Search Results for "The Kreutzer Sonata"

DS Exclusive: Talking Tolstoy (and other subjects) with Adam Kreutzer of The Kreutzer Sonata

Leo Tolstoy was a punk rocker! Ok perhaps not. Tolstoy widely considered one of the greatest writers in history is the author of such works as “War and Peace”, “Anna Karenina”, and the first Tolstoy (ok only Tolstoy) I have yet to read, “The Death of Ivan Ilyich.” Tolstoy is the inspiration for for the band name The Kreutzer Sonata and its leader singer Adam Kreutzer’s stage surname.

Kreutzer explains, “I have read the novel [The Kreutzer Sonata by Tolstoy]/listened to the musical composition. Tolstoy’s novellas have inspired me for a while as a huge passion of mine is literature. There is a lot of literary inspiration/references in our music and Tolstoy’s ability to take dramatic and tragic events and write them into something moving and beautiful is a strategy that we’ve tried to use in the story telling of our songs.”

Kreutzer further describes to me how the musical composition and its creation mirrors his early life as a musician:

“On top of that the musical piece The Kreutzer Sonata, another beautiful piece of art was made in dedication to a prestigious violinist with the last name Kreutzer. He rejected the Sonata as garbage. And that’s something I can really relate too. I remember showing my music teacher my music in high school and he pulled me aside and told me what a waste of time my band was and how it wasn’t real music. A similar thing happened with my father after the first time I ever recorded a demo where he gave me the ultimatum between punk rock and Jesus Christ. For years TKS played to nobody but the sound guy and sometimes our girlfriends haha. We know rejection all too well, and sometimes still feel like we’re on the outside looking in.”


Nowadays. The Kreutzer Sonata draws far larger crowds and its schedule will be hectic for the next few months:
Per Kreutzer: “Right now we are in the process of releasing a new album “The Rosehill Gates” out June 28th. We’ve already dropped a few music videos for it, with more to come. This summer and Fall we have some pretty solid shows lined up and we have been talking about doing a decent sized tour early next year. Also, this October/November we will be in the studio at Million Yen in Chicago to record something we will be trying to shop around to labels.”


Kreutzer may be the only remaining original band member, but The Kreutzer Sonata is no solo act.
“We are all a bunch of jagoffs. We all take the band seriously but what makes that easier is how much we goof around with each other. Jack [Kreutzer] our bassist is a full-time truck driver. Patrick [Goray]. our guitarist works in a sign shop and Logan [Hoover] our drummer is a pet caretaker/walker. I work in the service industry. We all are pretty easy-going guys with a mutual love for music and they are a blast to play with.”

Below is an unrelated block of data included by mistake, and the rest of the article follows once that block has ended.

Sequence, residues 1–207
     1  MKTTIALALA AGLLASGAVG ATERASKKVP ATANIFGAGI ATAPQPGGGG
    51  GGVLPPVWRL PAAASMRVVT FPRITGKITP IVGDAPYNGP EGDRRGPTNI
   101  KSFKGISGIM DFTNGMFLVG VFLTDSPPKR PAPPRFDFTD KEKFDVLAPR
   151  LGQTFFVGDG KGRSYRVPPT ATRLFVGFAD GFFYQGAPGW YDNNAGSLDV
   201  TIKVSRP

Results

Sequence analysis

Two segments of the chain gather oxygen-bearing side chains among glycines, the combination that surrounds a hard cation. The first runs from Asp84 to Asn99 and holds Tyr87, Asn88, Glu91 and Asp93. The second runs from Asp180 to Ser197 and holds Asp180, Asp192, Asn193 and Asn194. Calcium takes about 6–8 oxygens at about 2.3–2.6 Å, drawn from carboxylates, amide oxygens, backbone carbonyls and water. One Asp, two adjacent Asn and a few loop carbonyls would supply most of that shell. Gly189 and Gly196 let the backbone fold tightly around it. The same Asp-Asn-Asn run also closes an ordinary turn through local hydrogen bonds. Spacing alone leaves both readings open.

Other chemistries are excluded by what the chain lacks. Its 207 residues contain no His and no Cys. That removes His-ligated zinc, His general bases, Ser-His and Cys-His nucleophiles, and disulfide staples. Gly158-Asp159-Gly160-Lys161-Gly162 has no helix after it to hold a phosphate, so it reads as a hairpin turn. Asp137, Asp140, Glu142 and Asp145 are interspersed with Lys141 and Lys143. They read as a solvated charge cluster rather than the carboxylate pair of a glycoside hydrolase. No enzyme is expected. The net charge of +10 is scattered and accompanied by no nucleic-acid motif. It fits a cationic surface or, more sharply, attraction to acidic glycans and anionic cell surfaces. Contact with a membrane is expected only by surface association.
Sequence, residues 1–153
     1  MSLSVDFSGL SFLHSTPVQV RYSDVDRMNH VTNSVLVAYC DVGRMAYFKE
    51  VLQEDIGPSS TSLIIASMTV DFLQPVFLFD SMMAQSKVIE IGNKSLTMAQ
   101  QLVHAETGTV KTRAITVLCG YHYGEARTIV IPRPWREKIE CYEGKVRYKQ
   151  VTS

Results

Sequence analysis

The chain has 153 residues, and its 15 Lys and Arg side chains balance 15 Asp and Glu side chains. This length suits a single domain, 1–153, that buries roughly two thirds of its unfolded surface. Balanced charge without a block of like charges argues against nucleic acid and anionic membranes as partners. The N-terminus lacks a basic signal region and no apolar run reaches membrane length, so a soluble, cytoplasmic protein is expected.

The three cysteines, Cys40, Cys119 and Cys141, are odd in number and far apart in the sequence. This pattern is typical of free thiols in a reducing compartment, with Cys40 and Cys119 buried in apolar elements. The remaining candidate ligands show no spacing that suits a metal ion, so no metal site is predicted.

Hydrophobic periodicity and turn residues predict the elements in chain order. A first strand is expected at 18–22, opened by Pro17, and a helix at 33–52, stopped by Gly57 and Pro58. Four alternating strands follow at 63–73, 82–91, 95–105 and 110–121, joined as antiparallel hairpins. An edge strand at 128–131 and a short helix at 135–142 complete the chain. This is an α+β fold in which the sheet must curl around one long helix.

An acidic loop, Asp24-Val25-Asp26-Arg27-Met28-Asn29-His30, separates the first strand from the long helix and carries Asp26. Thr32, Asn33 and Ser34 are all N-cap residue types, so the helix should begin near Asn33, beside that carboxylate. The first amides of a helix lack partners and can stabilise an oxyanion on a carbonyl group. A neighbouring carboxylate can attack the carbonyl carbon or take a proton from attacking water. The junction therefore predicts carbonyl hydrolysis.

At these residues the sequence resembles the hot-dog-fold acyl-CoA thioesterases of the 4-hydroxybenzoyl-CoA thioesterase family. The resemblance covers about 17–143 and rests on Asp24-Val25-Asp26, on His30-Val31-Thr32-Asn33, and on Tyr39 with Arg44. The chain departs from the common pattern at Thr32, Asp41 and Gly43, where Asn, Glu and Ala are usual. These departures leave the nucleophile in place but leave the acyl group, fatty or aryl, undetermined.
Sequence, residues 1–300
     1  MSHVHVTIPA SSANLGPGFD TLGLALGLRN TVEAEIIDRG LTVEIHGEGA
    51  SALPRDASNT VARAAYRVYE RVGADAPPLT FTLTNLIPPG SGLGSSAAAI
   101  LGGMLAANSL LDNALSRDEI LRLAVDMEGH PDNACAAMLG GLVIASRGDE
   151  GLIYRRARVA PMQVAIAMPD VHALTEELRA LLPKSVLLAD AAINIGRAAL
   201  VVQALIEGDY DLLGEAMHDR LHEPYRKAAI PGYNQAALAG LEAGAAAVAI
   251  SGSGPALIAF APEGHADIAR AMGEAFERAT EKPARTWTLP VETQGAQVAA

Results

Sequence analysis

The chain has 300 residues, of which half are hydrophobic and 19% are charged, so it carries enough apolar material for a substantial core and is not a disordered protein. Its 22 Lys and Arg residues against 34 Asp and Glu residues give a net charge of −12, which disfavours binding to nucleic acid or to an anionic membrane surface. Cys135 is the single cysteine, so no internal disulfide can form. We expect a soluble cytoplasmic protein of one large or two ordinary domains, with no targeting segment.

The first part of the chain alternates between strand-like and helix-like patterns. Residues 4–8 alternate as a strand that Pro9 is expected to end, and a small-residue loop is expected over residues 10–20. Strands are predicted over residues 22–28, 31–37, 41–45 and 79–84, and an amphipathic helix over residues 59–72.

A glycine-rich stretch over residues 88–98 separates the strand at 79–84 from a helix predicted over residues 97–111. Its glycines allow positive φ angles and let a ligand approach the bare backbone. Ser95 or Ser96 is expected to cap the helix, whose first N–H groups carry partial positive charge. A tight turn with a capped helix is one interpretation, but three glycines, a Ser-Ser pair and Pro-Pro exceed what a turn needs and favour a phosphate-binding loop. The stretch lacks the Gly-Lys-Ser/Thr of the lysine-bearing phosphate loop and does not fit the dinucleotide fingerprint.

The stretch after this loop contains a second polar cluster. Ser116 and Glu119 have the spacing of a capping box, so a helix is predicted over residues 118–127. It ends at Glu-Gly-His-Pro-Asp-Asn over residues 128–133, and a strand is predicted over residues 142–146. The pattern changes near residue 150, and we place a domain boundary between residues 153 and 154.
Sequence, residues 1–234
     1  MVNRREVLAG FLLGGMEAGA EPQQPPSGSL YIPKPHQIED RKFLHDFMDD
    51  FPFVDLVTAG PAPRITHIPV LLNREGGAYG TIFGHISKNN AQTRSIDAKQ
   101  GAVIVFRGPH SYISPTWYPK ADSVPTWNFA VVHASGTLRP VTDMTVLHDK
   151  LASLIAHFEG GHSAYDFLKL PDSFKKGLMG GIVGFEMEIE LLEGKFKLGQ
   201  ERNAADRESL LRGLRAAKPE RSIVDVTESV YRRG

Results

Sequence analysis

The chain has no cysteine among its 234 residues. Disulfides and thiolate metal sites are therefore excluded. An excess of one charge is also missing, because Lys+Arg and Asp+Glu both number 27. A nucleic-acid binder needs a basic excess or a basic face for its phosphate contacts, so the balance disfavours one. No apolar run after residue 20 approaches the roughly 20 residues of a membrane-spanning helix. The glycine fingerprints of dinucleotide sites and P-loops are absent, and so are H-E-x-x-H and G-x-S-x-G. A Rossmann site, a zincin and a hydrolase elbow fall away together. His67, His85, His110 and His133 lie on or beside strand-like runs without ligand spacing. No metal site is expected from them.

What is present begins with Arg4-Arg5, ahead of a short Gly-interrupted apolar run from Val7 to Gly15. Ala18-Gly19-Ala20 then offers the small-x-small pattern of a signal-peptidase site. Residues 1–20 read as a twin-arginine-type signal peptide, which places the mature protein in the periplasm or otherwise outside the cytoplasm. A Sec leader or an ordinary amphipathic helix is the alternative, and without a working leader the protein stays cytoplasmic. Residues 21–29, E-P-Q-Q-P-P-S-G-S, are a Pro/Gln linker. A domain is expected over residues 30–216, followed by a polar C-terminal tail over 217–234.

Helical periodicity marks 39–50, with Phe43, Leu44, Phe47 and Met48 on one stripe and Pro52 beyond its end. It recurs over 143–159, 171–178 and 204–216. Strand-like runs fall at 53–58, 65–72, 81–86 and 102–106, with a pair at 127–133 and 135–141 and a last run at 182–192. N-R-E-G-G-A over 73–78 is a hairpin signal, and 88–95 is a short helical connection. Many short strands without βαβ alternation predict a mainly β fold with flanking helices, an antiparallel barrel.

As for Kreutzer’s musical origins, he first played that first instrument so many of us played: “The first time I performed musically was probably playing the recorder in elementary school or singing (if you can call it that) in a school musical/graduation/even church.”

However, he first truly discovered music just after he hits his teens. Per Kreutzer, “I would say around 13 years old is when I started really getting into music. I will be 30 this October. Before that I only really knew what was on TV. Bands like Green Day and Blink-182 were as crazy as it got for me until about that age. I remember hearing “Rise Above” by Black Flag on a mix Cd my brother made and being really intrigued by it. Around that same time, I discovered The Unseen, and remember seeing Rancid videos on MTV as well. Me and an old friend also found Kurt Cobain’s top 100 records in Rolling Stone and took turns downloading different albums off that list off Napster or LimeWire or whatever people were using at the time.”

This was also when he realized music was his calling. “Before I got into music, I was big into sports and was very athletic. I remember my brother had this crappy guitar that he would never let me play. But when he was out of the house I would sneak into his room and play as much as I could.”
He continues, “once I got good enough to get a band together the high of playing live meant more to me than sports. The jock kids were all my bullies anyway. I started going to shows, setting up shows, playing as much as possible. People didn’t believe me at the time, but I had decided at that point that music was my life.”

Kreutzer describes how his musical career started, “With a band I first performed in this church basement that I would set up and run local shows in.”
Soon things got serious. Says Kreutzer, “shortly after that I played my first legitimate show opening up for The Unseen and The Ghouls. That was more of a punk/ rock band. We did some covers and had some softer songs on top of some faster ones.”

His long-held motto/mission statement as a musician has been “Carpe Diem.” The phrase, translated from Latin as “Seize the Day,” originates from book 1 of the Roman poet Horace’s work Odes (23 BC).

However, Kreutzer discovered it in a far more recent piece of art: Dead Poet’s Society, the 1989 acclaimed film in which a boarding school English teacher named John Keating (played Robin Williams) urges his students to “make their lives extraordinary.” It’s actually the motto Kreutzer, who will celebrate his 30th birthday this year, has held most of his life.